Rubanoide Project

Few

Member
2004-04-14 10:51 pm
Maine, USA
Total weight doesn´t matter but weight versus area.

Both the driving force from the voice coil, and the fraction of the diaphragm that is actually driven at high frequencies, must be taken into account as well. I'm guessing that only the portions of the diaphragm closest to the voice coil move in phase with the voice coil in the high kilohertz realm. A look at the off-axis high frequency response might provide a clue about whether this conjecture is true. In any case, I believe the portions of the diaphragm that fold back toward the cabinet are rigidly fixed in place so it's clear that including the entire mass of the diaphragm in the calculation of moving mass is going to be misleading.

Few
 
I've been intrigued with this design for a while, since the other thread "DIY ribbon of a different kind" was posted:

http://www.diyaudio.com/forums/showthread.php?s=&threadid=69450&highlight=

It is interesting, as it would appear to posess some of the qualities of a ribbon/line source, those of a dynamic driver and some attributes in common with bending wave transducers. If this design is implemented well, I can see how the driven area might match smoothly with frequency and perhaps avoid "ringing". If one implemented a graded diaphragm compliance, it might offer further benefits. The gradual transition from longitudinal to transverse excitation, a result of the diaphragm curvature, has achieved this in part (I think).

I was interested enough to make a lash up version out of things on my desk. Diaphragm is a 2"x5" piece of notepaper. 8 "windings" were applied where the paper is folded at the centre. This assembly was taped to a frame made from a small box lid. Magnetic field is provided by 2x 1" square neo magnets with a gap about 1/8". For a small driver with an inefficient motor, constructed from random materials, it plays rather well with no glaring sonic horrors. Of course it's not Hi Fi!

Wish I had more time to play with this idea and make something bigger.

Ed
 

AnthonyPT

Member
2004-10-29 9:23 am
Hi

Having followed the progress of this
"large Linny" (Lineaum) design and
using Linaeum ET6 tweeters I too am fascinated
where this wave bending idea can develop more,
I too like the idea of using an electromagnet
design instead of the neos. How to go about
designing the electromagnet I am not sure.
Would give you a lot of control by varying the
voltage. The best Linaeums used doped silk and
the original designer,Paul Pattock, has been out
there researching new and exotic materials for membranes.
I would like to try silk and maybe Kodak Estar film if available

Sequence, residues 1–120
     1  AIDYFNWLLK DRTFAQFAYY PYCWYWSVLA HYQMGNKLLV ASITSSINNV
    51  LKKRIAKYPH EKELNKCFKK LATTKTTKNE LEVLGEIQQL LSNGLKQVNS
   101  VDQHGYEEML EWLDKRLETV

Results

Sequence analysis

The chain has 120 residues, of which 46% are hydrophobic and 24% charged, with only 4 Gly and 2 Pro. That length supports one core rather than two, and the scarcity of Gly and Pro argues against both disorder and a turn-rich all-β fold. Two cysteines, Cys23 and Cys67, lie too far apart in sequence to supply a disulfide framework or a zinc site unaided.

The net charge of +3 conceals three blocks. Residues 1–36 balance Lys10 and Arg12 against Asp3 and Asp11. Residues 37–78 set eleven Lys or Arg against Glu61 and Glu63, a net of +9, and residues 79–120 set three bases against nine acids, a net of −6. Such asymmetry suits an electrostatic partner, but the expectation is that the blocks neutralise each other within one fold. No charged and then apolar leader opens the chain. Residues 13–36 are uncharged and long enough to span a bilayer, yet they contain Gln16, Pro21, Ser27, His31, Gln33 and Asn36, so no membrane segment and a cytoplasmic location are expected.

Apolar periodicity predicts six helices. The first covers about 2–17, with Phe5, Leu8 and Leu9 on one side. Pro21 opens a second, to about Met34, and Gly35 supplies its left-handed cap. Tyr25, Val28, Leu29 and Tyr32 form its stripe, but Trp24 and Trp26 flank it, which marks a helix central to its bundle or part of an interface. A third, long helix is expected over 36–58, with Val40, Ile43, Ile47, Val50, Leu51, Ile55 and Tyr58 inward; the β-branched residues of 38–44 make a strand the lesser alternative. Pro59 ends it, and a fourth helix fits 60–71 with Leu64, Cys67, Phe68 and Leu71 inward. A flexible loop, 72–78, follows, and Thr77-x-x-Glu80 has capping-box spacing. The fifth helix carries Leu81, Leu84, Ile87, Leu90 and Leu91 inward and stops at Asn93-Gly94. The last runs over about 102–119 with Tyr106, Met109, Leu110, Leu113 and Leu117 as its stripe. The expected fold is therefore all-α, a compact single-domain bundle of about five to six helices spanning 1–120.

in a suitable size. Consistancy is maybe the main issue
and perhaps the tweaking allowed with an electomagnet
might be beneficial,

Regards
AnthonyPT

Wonder if the Gallo tweeter is a cousin and if the
Nearfield design has ever been reviewed
http://www.nearfieldacoustics.com/S7monitor.html

amsci99 Please email me! I have notes and pictures!
 

Few

Member
2004-04-14 10:51 pm
Maine, USA
Wonder if the Gallo tweeter is a cousin...

Unless I'm mistaken, the Gallo tweeter is unrelated. It uses a piezoelectric film made of Kynar. Since the film is piezoelectric, if you place a voltage across the thin metal electrodes deposited on the two faces of the Kynar film the film changes dimensions. You can arrange things so a flat piece of the film expands or contracts in the plane of the film if you lay it flat. If you then wrap the film into the form of a tube the dimensional changes cause the tube's radius to expand or contract depending on the polarity of the voltage you apply. The expanding/contracting tube generates a nearly cylindrical wavefront. There is no voice coil and there are no magnets.

The other devices discussed in this thread are bending wave devices in which a voice coil is immersed in a magnetic field.

Few
 
Actually, the Japanese company Pioneer used this technology in the 1970's and called it a high polymer tweeter. A bit more information can be found here, and by searching for information on Pioneer's HPM series of loudspeakers from the good ol' days. As a student MANY years ago I got a hold of a sample of piezoelectric Kynar and hooked it up to a receiver via a really tiny transformer. I confirmed that it made sound but at the time wasn't equipped to do much more. One complication with the piezoelectric approach is that nonlinearity and hysteresis are hard to avoid if you want a large displacement (by piezoelectric standards) per volt.

Few
 
Few - Thanks for that insight, its rather interesting.

I remember that Audax had a gold domed piezo tweeter at the top of their line a few years ago. Hi Fi world, and their "World Designs" lineup of DIY projects used to feature this tranducer.

I'd imagine that the complex impedance of a piezo material might cause some headaches if one is looking to implement large area radiators.

Ed